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the frigates for tasks further afield.
Four 340-tonne inshore patrol vessels (IPV ) are key platforms for
the navy to fulfil multi-agency operations and tasks (MAO&T ), for
which operational release is pending. HMNZS Hawea (P3567), Pukaki
(P3568), Rotoiti (P3569) and Taupo (P3570) were built in Whangarei
by BAE Systems Australia. The 55m-long IPVs are designed to patrol
the country’s 12-nautical-mile exclusion limit. Their multiple tasks
may include the interception and
boarding of yachts for Customs, or
local and foreign fishing vessels for the
Ministry of Fisheries. In essence, the
navy is providing platforms from which
other government departments with
responsibilities in the maritime domain
can manage their jurisdictions. The IPVs
perform coastal patrols with various
government agency personnel onboard,
the advantage being that these agencies
rather than the RNZN are responsible
for any prosecutions. Therefore, navy
captains and ships are not tied up in
lengthy court proceedings. An IPV will
typically deploy on a five-day patrol and
then spend a three-day weekend in the
nearest harbour. Each IPV is supposed
to achieve a 290-day availability level
for sea patrols. The Ministry of Fisheries
has already reported changes in fishing-
fleet operations because of the navy’s
increased patrolling capacity. The law
enforcement role of the IPVs is confirmed by their scant armament - a
single .50 -cal machine gun.
Like the Canterbury, the OPVs and IPVs have not been immune to
defects. For example, the OPVs have had issues with main engine coolant
sealing components, cranes, and high noise levels in some compartments.
Furthermore, the OPVs were delivered 300 tonnes overweight with a
service life margin below that of contractual obligations. This means
future upgrades to the hull, armaments or sensors that add more weight
to the vessels could negate the vessels’ ice belt. Operational release for
flight operations and Special Forces boat usage remain outstanding.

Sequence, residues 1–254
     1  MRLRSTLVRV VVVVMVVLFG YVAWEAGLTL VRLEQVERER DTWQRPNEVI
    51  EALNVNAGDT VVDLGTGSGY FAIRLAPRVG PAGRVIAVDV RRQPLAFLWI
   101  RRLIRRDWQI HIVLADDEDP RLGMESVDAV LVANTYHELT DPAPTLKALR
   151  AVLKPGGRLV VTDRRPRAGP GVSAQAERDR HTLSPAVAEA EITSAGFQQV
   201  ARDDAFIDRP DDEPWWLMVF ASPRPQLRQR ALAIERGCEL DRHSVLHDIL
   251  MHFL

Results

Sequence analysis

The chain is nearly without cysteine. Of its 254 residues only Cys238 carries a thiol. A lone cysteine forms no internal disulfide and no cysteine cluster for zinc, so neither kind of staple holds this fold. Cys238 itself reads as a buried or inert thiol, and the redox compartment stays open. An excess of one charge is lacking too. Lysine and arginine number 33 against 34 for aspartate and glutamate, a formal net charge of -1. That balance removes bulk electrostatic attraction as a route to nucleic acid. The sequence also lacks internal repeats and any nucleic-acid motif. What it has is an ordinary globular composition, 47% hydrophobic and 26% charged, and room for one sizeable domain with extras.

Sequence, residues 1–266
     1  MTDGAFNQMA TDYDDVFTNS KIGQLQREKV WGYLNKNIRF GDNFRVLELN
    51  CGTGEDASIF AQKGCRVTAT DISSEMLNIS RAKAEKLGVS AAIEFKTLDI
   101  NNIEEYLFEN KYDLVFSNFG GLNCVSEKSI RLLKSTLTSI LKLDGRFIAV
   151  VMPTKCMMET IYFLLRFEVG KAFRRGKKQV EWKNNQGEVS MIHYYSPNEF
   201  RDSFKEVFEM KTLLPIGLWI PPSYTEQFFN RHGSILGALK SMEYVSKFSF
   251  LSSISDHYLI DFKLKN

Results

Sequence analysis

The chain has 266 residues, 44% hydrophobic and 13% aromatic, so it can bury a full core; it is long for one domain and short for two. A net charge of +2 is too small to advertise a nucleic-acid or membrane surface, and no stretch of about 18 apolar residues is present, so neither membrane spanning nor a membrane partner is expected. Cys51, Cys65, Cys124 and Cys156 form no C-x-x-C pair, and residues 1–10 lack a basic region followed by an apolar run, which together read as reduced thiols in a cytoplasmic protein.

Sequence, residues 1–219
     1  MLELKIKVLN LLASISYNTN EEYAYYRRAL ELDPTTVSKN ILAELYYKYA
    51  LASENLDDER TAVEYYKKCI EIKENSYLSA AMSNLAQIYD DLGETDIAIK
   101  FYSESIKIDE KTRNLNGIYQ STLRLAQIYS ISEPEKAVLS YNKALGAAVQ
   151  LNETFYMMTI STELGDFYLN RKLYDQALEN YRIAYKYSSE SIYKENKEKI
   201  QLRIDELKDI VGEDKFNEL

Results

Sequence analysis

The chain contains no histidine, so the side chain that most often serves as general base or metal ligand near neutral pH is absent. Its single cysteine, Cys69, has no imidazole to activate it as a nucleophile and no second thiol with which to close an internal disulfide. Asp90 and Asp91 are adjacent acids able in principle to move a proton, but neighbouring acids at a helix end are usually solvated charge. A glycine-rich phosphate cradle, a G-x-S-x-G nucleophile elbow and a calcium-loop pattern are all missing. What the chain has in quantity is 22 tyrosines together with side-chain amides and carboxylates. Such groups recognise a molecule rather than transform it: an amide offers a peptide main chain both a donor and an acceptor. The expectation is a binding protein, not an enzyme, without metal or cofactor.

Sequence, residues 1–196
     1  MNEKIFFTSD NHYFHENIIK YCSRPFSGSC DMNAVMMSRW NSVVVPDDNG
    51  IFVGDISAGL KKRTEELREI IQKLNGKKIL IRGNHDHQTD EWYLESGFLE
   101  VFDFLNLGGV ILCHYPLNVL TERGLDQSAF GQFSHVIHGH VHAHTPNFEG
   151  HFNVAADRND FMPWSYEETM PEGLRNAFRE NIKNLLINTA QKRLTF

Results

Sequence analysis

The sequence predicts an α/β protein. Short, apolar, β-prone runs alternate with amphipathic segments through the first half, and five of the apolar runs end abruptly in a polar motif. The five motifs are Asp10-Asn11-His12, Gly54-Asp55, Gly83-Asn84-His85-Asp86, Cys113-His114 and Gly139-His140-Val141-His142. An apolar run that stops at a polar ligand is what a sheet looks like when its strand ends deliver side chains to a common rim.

Under the remediation agreement, BAE Systems is replacing all 14 RHIBs
on Project Protector vessels.
The two Anzac-class frigates - HMNZS Te Mana (F111) and Te Kaha
(F77) – form the backbone of the navy’s combat fleet. Introduced in the
late 1990s, these ships have a projected lifespan of 30 years. In fact they
are the NZDF’s most expensive assets, accounting for more than half
the navy’s budget at NZD408 million. Phase I of the Frigate Platform
Systems Upgrade (PSU) provided two new MTU 12V1163 TB93 diesel
engines (with a combined output of 8,800kW) and uprated gearbox,
stability management enhancement (using injected slurry as ballast)
and compartment changes (partially enclosing the quarterdeck) with
ThyssenKrupp Marine Systems Australia serving as design authority.
Greater speed from the new diesels means the gas turbines are used less,
with a corresponding increase in range and improved economy rate.
Phase I has been completed on both ships.
Phase II of the PSU covers the frigates’ Integrated Platform Management
System (IPMS). Siemens (NZ) Ltd will improve engine monitoring and
automation, while Noske-Kaesar NZ Ltd will enhance the heating,
ventilation and air-conditioning (HVAC) system. Work is being carried
out in NZ, Australia, Canada and Germany, with this phase commencing
on Te Mana in early 2012. The total PSU programme will eventually
amount to some 115,000 man-hours. A dry dock managed on behalf
of the RNZN by Babcock New Zealand Ltd, and situated within the
Devonport Naval Base, is used for maintenance work on RNZN ships via
a strategic partnering relationship.
A Close-In Weapons System (CIWS) is the frigates’ last line of self-
defence against anti-ship missiles, fast inshore attack craft and strike
aircraft. In November 2007, a NZ$25 million contract was signed with
Raytheon to upgrade the Phalanx CIWS to Block 1B configuration. The
CIWS on Te Mana has been upgraded and accepted, while Te Kaha will
undergo acceptance testing in the latter part of 2011. A combat systems
upgrade is also imminent under the Frigate Systems Upgrade project.
Thales New Zealand is lead contractor for the programme expected to be
approved in early 2012, and it will include improvements to the combat
management system, and new electro-optic sensor and radar capabilities.
Another important future project is a torpedo replacement for use on the
frigates, P-3K Orion aircraft and Kaman SH-2G Seasprite helicopters.
The navy operates Seasprite helicopters from the two frigates, and
these are due for either midlife upgrades or replacement. The first
helicopter was delivered in 2001 with an expected 25-year lifespan.
The five helicopters belong to No.6 Squadron based at Whenuapai near
Auckland, this RNZAF formation being responsible for the maintenance
of naval aviation. Seasprites can also operate from the two OPVs and the
There are four inshore patrol vessels used for coastal patrol and law
enforcement. This is the newest one, HMNZS Taupo. (Gordon Arthur)
HMNZS Canterbury has drawn severe
criticism for its level of seaworthiness
in higher sea states, including excessive
pitching that has caused the propellers to
exit the water
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